Saskatchewan’s updated spring runoff report is now predicting lower than average runoff in the Lloydminster area.
The City and surrounding area have now joined the North Battleford area in having below-average runoffs when snow and ice begin to melt. Heading North to Meadow Lake or further east to Saskatoon is where runoffs are expected to return to near normal.
Most of the southern parts of Saskatchewan are also expecting below to well below-average runoff, while the far north will likely see the most, and more than average. Pockets of southwestern Saskatchewan are also expected to receive a near-normal runoff including Kindersley, Leader and Cypress Hills.
WSA snow surveys at the end of February show higher levels of snowpack through parts of central Saskatchewan, especially Saskatoon.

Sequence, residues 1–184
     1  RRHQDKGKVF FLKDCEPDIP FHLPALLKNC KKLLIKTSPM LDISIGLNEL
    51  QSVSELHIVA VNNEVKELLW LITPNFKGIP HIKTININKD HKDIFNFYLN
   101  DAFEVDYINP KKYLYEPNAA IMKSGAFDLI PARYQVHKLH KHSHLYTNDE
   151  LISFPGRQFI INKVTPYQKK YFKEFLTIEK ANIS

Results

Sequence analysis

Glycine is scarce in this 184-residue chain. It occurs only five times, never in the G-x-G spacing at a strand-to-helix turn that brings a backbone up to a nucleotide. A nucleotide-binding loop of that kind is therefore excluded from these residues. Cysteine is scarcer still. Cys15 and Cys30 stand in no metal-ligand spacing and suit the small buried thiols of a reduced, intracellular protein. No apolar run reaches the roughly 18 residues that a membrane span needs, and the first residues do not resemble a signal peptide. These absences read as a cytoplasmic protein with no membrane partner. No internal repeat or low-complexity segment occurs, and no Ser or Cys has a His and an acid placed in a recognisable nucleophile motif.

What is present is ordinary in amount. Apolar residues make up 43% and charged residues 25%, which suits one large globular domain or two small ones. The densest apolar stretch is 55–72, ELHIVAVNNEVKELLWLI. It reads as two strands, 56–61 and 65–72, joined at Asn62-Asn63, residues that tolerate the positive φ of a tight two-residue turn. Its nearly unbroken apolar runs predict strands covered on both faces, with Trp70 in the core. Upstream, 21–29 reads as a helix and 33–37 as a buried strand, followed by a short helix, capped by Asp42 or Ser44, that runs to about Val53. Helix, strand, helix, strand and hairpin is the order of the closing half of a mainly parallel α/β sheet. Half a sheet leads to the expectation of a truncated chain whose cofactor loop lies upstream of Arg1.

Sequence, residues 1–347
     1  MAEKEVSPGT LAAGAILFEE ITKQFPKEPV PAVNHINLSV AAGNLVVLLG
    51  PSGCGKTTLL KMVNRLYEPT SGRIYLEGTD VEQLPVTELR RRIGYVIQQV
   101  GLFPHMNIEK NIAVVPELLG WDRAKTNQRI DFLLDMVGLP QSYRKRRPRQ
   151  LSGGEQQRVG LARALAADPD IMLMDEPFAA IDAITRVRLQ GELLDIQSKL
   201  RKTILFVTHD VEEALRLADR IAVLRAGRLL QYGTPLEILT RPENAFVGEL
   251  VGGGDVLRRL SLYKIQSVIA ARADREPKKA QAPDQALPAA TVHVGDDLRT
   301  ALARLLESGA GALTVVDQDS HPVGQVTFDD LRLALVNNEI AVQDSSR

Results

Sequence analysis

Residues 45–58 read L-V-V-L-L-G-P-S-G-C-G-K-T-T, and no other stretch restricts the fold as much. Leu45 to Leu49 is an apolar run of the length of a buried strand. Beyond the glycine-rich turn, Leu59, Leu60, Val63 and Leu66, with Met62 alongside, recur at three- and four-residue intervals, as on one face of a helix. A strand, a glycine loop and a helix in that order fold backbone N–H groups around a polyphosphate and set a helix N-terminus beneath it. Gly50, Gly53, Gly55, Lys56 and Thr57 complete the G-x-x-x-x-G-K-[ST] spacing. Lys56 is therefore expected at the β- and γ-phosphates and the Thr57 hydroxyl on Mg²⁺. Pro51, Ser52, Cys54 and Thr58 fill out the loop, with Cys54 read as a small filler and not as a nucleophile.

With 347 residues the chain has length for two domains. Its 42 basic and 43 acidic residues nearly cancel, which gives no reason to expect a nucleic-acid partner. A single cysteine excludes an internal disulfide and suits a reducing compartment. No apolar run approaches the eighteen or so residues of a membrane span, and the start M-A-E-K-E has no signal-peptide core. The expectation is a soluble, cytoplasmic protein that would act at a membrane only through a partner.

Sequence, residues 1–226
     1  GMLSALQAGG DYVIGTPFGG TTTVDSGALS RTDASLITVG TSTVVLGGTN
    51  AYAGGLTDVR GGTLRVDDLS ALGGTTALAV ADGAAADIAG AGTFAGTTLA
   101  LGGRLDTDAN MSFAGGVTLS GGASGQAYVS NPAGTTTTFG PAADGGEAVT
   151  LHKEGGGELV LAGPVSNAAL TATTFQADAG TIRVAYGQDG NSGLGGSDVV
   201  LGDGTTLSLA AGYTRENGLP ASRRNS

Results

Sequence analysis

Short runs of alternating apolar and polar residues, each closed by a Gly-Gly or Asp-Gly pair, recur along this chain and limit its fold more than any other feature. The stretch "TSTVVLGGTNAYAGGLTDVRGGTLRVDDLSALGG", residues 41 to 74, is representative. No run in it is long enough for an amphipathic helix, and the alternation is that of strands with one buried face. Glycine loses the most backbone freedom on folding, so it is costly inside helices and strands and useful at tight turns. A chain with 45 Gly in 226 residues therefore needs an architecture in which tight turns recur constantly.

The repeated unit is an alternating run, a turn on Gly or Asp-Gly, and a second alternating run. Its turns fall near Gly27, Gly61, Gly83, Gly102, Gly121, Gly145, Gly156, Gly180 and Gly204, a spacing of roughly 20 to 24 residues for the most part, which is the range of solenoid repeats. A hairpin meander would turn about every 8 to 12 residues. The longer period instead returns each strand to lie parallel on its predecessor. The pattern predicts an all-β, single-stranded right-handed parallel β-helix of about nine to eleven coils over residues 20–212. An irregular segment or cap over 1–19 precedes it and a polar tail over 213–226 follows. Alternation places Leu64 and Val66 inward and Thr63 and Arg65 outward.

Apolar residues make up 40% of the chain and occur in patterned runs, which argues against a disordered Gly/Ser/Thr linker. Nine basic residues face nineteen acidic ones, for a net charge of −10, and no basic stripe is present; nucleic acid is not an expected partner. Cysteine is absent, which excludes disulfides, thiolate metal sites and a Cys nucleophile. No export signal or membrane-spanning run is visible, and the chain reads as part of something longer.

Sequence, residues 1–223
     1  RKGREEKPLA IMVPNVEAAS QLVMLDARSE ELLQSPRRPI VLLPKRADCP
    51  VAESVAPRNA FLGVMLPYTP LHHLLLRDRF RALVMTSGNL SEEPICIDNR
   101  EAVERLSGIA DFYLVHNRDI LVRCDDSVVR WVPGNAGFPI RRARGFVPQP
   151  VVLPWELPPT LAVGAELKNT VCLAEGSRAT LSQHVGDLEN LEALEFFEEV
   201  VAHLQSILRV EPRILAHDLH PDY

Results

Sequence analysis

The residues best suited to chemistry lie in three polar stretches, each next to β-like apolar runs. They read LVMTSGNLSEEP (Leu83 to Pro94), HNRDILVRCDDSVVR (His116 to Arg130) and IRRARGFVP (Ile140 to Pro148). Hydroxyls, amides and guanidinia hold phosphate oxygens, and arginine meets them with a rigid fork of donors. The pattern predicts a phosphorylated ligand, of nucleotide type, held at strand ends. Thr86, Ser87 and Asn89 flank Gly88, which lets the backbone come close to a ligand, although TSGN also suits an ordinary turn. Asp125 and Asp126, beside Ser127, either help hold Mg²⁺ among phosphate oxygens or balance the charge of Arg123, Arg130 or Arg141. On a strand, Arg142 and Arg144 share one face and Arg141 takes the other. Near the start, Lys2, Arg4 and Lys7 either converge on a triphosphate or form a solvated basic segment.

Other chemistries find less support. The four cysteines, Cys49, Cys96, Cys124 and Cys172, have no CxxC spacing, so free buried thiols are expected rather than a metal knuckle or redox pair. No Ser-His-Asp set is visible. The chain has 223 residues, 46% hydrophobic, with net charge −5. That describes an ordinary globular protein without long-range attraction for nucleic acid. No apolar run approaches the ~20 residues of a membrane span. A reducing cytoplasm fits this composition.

Conditions over southcentral and southeastern areas, particularly east of Highway 4 and south of Highway 1, are particularly dry and have a snowmelt runoff potential.
While the WSA says surface water supplies at larger reservoirs are expected to be met in 2021, users that rely on smaller reservoirs or dugouts may see shortages continue or emerge in 2021 if snowpack conditions do not improve.
They add that ice on water bodies does also pose a risk. This is because it is unpredictable and unstable during the runoff season, and it should be avoided. Major ice jamming is not expected with the below-average runoff.
Runoff potential and response could vary based on accumulations and weather during the melt. A final report is expected at the end of April, provided runoff isn’t complete or near-complete by then.